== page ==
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William Herschel 1759-1762

Herschel’s Discovery of Uranus
On March 13, 1781, the musician and composer, William Herschel discovered the planet Uranus with a self-made telescope in Bath, England. Herschel was born in 1738 in Hanover, and he played, together with his father and brothers in the Hanoverian Guards Regiment Military Band. William moved to England at the beginning of the Seven Years’ War in 1757, where he earned his living as a musician, music copyist, conductor, and composer. Among his earliest compositions are 3 viola concertos 1759-1762, which he himself premiered as soloist in London. Herschel composed 24 symphonies, numerous instrumental works, and a large body of sacred works for choir and organ, most of which have been lost. At the time of his astonishing discovery, Herschel was musical director of the symphony orchestra in Bath as well as organist and choirmaster at the Octagon Chapel, where the Royal Family attended services when taking their cure in the local Roman-built baths.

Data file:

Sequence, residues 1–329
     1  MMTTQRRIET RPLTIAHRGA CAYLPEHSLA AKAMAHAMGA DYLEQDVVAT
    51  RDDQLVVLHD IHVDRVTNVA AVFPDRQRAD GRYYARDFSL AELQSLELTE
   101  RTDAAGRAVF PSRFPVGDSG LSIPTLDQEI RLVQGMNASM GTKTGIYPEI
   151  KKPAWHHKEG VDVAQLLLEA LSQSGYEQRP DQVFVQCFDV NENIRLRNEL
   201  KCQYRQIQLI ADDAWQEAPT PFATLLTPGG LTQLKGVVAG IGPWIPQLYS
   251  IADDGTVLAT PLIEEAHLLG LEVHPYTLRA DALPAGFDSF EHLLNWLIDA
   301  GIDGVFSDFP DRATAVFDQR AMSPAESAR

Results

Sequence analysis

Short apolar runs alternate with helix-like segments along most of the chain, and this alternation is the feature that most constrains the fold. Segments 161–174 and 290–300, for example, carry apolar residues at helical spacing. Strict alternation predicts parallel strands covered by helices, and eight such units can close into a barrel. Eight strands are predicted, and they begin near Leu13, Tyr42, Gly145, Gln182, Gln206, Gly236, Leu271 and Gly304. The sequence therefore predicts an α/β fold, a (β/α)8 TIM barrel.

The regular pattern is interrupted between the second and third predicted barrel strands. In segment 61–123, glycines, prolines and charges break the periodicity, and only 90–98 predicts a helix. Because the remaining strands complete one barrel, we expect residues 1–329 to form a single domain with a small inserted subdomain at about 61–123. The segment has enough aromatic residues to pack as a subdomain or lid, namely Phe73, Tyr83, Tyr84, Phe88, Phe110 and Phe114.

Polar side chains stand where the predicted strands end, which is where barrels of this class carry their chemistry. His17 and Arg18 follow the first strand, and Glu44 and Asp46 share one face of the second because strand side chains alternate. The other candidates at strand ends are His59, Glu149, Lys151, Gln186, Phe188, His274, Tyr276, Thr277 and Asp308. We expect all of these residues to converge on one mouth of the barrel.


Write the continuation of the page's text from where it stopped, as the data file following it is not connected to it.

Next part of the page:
William Herschel’s viola concertos:
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